Ford Motor Co. reported Friday an unexpected drop in fourth-quarter earnings as a result of rising costs in North America, a loss in Europe and special charges related to debt-reduction measures.

The auto maker posted net income of $190 million, or five cents a share, down from $886 million, or 25 cents a share, a year earlier. It was also a big decline from the $1.7 billion Ford made in the 2010 third quarter.

Operating profit came in at $1.3 billion, or 30 cents a share. Analysts surveyed by Thomson Reuters were expecting operating profits of 48 cents a share.

Ford’s fourth-quarter revenue was $32.5 billion, down from $34.8 billion a year earlier, not including the Volvo unit, which was sold in 2010.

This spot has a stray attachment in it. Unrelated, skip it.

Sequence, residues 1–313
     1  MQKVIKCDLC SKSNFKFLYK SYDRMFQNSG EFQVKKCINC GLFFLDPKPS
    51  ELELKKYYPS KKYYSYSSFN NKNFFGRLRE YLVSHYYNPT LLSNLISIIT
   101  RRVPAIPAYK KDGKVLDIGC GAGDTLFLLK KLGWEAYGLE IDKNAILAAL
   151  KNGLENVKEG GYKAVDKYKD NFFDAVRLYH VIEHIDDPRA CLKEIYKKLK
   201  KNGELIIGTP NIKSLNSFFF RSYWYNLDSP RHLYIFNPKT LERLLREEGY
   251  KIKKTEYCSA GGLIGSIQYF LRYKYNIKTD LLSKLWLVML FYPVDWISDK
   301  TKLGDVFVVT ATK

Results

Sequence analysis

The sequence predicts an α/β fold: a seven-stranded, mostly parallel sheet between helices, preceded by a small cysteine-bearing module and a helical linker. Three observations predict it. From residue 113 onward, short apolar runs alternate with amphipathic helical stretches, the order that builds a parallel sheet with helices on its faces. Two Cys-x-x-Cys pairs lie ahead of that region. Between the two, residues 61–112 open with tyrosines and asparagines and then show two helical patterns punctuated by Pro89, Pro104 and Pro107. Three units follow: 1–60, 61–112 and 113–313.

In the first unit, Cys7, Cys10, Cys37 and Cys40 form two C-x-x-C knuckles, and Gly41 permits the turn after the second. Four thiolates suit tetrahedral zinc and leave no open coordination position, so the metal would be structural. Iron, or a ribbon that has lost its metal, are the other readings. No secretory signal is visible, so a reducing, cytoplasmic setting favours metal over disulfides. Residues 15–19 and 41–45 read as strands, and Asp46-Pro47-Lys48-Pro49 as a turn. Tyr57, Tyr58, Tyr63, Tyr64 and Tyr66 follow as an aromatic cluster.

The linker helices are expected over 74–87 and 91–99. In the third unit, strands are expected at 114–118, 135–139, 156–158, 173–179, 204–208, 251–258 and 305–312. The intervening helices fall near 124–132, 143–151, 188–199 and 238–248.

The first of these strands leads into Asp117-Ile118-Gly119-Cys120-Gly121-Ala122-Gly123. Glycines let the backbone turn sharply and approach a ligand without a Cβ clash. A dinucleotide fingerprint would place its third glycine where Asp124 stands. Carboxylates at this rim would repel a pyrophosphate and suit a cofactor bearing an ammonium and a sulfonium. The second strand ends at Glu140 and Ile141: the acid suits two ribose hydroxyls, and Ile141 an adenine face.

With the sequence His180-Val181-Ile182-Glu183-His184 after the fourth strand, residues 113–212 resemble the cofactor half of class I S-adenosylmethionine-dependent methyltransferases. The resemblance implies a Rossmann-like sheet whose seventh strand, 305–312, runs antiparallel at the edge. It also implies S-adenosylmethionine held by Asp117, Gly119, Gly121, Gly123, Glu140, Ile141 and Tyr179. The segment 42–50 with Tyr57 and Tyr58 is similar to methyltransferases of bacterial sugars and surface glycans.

The year as a whole was one of Ford’s best ever. Net income for 2010 totaled $6.6 billion, up from $2.7 billion in 2009. Revenue was $120.9 billion, $17 billion more than in 2009, when Volvo’s sales are excluded.

But in the fourth quarter, rising costs—driven by higher commodity prices and higher production levels—took a toll on its North American operations. There, the Dearborn, Mich., company made just $1,130 in operating profit on each of the 593,000 cars and trucks it produced in the quarter. In the third quarter of 2010, it made $2,707 per vehicle in North America.

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